The whole shebang is packaged within a muscular, and not exactly petite, coupe body with bulging wheelarches and bonnet ridges, an angry front bumper flaring at the outer openings like the cheeks of a rampaging rhino; there are quad exhausts and a little lip spoiler, too.

I think this is one of the best-looking new performance cars you can buy. From the front three quarter especially, goodness gracious, it looks so good.

And in this spec, too! Optional ceramic brakes, AMG Performance front seats (which became optional with the update), the 19-inch front/20-inch rear split five-spoke forged wheels in black with machined lip, and highly regarded Michelin Pilot Sport Cup 2 tyres. Dream spec? Close, for me.

We have much to explore over the next four issues. Is the C63 S Coupe just a dream jigger? For practicality, looks, luxury and V8 rear-drive performance, do your really need anything else?

Did they fix the ride quality? Could one put up with the notoriously jerky transmission? Will the COMAND hand controller drive us to homicide? How long will the rear tyres last?

And did they actually bugger the handling with the softer suspension? At 1725kg there’s lots to control, after all.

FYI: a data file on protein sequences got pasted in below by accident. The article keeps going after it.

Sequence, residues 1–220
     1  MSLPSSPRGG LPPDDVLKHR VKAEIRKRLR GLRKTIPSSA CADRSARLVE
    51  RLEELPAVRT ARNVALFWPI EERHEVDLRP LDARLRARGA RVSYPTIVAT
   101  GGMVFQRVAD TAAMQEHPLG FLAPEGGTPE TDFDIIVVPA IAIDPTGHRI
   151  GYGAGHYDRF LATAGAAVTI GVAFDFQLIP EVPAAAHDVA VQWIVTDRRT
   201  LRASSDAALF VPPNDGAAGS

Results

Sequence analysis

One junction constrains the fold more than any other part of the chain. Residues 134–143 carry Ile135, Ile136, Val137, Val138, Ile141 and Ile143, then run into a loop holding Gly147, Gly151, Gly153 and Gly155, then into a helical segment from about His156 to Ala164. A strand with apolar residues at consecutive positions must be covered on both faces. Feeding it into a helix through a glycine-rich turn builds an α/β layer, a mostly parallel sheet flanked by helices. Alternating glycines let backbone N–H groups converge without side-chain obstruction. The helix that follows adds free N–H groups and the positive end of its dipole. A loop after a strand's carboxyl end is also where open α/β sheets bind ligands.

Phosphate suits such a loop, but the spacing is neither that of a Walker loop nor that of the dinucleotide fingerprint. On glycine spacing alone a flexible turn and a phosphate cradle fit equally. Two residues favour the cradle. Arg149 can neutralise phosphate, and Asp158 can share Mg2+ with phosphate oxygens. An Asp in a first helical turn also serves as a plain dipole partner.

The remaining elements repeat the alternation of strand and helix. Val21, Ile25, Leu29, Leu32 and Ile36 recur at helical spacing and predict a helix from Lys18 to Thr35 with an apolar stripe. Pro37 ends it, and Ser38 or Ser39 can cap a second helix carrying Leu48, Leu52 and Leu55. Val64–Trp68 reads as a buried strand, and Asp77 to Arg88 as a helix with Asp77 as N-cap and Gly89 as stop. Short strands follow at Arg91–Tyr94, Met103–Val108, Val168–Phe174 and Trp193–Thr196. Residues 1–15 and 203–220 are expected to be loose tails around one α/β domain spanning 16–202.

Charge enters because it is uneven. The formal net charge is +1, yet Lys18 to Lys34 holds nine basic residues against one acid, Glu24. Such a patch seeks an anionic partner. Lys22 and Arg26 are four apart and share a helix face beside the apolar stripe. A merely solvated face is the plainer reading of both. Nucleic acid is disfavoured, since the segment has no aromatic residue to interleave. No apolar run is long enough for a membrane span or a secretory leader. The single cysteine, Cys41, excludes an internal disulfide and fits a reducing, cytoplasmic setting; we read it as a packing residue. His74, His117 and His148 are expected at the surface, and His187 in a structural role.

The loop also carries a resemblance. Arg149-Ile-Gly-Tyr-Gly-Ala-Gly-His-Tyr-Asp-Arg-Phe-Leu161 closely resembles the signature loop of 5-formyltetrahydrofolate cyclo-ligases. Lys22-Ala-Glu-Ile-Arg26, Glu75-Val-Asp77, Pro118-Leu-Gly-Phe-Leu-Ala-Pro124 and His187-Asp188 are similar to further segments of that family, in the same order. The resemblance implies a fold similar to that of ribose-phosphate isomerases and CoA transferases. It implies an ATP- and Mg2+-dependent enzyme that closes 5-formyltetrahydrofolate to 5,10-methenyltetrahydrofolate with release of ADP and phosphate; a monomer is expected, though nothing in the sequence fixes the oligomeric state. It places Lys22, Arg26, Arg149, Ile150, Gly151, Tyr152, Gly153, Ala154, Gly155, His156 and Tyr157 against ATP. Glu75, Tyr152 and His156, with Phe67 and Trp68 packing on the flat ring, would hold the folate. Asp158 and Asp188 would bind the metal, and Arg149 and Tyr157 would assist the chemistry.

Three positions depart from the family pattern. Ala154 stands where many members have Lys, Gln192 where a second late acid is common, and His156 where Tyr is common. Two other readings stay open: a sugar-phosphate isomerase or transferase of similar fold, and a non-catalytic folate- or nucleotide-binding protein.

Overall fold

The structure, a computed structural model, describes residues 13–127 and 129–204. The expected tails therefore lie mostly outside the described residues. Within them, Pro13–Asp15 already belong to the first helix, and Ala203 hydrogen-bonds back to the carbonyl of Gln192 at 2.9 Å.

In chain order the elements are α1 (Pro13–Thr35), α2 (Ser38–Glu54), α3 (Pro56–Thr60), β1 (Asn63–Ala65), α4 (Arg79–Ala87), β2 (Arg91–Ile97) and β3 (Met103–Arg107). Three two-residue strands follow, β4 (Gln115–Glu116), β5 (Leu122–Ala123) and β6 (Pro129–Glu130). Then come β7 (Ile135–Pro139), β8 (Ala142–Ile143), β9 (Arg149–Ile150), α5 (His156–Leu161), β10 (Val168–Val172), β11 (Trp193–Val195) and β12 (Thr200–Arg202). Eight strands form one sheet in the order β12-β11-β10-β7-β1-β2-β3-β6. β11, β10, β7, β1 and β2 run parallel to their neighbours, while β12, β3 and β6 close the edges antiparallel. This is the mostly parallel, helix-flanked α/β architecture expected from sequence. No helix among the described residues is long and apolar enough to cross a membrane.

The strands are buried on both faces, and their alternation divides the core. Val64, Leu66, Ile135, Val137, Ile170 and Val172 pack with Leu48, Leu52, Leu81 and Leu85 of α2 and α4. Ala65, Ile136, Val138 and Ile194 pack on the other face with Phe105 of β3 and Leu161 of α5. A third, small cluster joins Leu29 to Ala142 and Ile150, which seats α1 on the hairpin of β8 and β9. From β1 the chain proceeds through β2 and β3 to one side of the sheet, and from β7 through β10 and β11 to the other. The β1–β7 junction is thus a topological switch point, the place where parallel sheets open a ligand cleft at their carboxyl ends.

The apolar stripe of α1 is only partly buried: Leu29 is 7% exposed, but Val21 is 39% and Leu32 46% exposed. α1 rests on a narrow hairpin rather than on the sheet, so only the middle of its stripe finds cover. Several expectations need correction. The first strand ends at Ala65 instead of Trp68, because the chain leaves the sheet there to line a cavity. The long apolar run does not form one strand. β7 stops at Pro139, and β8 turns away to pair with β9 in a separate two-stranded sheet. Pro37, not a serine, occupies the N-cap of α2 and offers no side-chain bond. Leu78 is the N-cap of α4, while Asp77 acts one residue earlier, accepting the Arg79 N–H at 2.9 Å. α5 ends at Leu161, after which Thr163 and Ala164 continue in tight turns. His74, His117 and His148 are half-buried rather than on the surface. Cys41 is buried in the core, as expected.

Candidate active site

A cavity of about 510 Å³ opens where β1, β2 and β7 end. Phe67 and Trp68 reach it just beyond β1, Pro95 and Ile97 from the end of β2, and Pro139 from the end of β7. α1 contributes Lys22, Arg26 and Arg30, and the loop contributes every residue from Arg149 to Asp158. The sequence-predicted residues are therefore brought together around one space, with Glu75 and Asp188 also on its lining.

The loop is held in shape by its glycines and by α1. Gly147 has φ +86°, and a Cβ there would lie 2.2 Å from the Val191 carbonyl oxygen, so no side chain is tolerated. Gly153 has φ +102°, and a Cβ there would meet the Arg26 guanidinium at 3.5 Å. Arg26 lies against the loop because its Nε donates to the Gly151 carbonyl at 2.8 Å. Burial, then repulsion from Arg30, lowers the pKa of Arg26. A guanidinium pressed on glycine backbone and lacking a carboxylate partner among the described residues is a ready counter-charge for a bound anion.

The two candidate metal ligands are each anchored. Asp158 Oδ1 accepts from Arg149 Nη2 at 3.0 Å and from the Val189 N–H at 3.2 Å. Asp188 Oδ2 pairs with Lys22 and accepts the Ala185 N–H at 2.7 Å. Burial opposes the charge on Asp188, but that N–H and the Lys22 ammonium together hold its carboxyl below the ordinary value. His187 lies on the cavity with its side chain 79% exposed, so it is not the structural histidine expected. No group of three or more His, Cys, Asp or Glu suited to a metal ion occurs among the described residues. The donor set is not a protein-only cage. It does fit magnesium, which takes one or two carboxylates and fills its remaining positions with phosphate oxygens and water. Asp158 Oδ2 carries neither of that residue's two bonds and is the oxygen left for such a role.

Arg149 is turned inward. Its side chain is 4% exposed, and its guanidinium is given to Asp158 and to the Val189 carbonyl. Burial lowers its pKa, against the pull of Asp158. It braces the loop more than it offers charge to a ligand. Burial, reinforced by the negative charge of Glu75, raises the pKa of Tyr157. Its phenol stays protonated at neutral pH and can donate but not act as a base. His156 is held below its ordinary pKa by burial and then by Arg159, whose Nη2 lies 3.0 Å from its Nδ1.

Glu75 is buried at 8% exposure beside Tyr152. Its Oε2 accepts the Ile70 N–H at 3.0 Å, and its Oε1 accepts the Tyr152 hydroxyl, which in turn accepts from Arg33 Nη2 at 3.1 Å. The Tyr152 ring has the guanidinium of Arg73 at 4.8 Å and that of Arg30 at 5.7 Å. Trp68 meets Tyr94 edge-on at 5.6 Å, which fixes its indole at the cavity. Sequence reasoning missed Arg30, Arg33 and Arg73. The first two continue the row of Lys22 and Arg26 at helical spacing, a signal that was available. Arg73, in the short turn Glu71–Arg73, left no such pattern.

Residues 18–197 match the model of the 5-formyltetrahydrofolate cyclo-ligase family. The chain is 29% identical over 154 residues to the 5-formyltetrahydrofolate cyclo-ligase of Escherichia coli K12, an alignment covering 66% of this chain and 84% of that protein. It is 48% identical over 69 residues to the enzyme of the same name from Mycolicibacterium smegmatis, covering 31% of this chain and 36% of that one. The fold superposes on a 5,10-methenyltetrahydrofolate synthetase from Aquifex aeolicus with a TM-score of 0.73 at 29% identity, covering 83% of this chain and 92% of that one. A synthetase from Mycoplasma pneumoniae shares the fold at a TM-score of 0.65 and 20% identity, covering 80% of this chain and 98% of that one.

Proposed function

May we find out all these things, and more. And may the Leaf remain on the shelf at Harvey Norman. 

2020 Mercedes-AMG C63 S Coupe Pros & Cons

Things we're keen on
1 - The exhaust button
2 - Cold rear tyres
3 - Shop windows

Things we're scared of
1 - Weighs a bit
2 - The fuel bill
3 - The tyre life

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Update 1: Power Pact

Two cars beat with the same heart, but different blood

 AMG C63 S Coupe with Aston Martin Vantage

If the AMG C63 S Coupe and Aston Martin Vantage were friends, it might be in the C63’s best interest to not go out on the town together. “The Aston is like the pictures she puts on her dating profile,” observed one field-playing, perpetually single MOTOR staffer, “and the C63 is what she looks like in real life.” Ouch.

Indeed, it’s a curious thing to see these two cars parked beside each other, as they are today at the top of a foggy Mount Donna Buang, one of the best driving roads near-ish to Melbourne (and a place loved by quacks filling up enormous water cans from a fresh water spring there, but that’s a story for another time). In very similar shades of electric navy blue, from the rear the C63 S Coupe looks a bit tall, hunched like it has a sore back and awkwardly bulgy when parked directly beside the evocatively styled, pure-bred British sportscar.

The Vantage also looks pretty good topless

That might say more about the Aston’s seductive styling than it does the AMG’s, itself a car oozing enormous look-back-after-locking appeal. But for all the styling talk, the reason we have these two cars together today is actually what’s under the bonnet.

AMG C63 S following Aston Martin Vantage